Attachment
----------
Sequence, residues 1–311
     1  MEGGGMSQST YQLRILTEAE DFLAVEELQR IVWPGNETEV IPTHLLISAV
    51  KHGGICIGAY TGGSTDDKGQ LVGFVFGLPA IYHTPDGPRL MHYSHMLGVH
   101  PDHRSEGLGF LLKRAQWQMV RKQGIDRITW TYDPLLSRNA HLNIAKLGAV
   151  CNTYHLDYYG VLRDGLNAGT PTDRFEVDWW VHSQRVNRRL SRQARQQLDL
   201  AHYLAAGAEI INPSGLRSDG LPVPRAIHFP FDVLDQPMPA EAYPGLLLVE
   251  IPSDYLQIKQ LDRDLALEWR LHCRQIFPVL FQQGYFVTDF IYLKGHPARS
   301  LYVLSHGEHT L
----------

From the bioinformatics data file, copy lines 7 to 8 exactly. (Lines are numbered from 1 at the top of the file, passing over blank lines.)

   251  IPSDYLQIKQ LDRDLALEWR LHCRQIFPVL FQQGYFVTDF IYLKGHPARS
   301  LYVLSHGEHT L